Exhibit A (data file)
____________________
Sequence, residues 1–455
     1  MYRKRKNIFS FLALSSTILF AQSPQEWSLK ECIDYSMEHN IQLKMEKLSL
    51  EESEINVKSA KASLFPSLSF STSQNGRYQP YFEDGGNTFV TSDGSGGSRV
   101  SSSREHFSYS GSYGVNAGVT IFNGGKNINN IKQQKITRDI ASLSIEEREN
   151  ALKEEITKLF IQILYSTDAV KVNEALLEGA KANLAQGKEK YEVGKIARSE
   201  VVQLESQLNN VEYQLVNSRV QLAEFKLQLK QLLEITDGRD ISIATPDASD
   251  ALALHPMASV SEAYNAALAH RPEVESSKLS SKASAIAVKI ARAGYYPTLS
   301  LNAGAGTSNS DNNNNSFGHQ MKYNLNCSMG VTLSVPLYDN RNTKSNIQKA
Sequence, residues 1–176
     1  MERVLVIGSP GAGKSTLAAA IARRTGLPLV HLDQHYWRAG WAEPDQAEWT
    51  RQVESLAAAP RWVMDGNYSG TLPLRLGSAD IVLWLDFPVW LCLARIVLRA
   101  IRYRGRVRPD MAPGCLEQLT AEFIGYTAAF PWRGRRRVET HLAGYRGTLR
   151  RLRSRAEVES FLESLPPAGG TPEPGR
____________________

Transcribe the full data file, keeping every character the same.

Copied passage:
Sequence, residues 1–455
     1  MYRKRKNIFS FLALSSTILF AQSPQEWSLK ECIDYSMEHN IQLKMEKLSL
    51  EESEINVKSA KASLFPSLSF STSQNGRYQP YFEDGGNTFV TSDGSGGSRV
   101  SSSREHFSYS GSYGVNAGVT IFNGGKNINN IKQQKITRDI ASLSIEEREN
   151  ALKEEITKLF IQILYSTDAV KVNEALLEGA KANLAQGKEK YEVGKIARSE
   201  VVQLESQLNN VEYQLVNSRV QLAEFKLQLK QLLEITDGRD ISIATPDASD
   251  ALALHPMASV SEAYNAALAH RPEVESSKLS SKASAIAVKI ARAGYYPTLS
   301  LNAGAGTSNS DNNNNSFGHQ MKYNLNCSMG VTLSVPLYDN RNTKSNIQKA
Sequence, residues 1–176
     1  MERVLVIGSP GAGKSTLAAA IARRTGLPLV HLDQHYWRAG WAEPDQAEWT
    51  RQVESLAAAP RWVMDGNYSG TLPLRLGSAD IVLWLDFPVW LCLARIVLRA
   101  IRYRGRVRPD MAPGCLEQLT AEFIGYTAAF PWRGRRRVET HLAGYRGTLR
   151  RLRSRAEVES FLESLPPAGG TPEPGR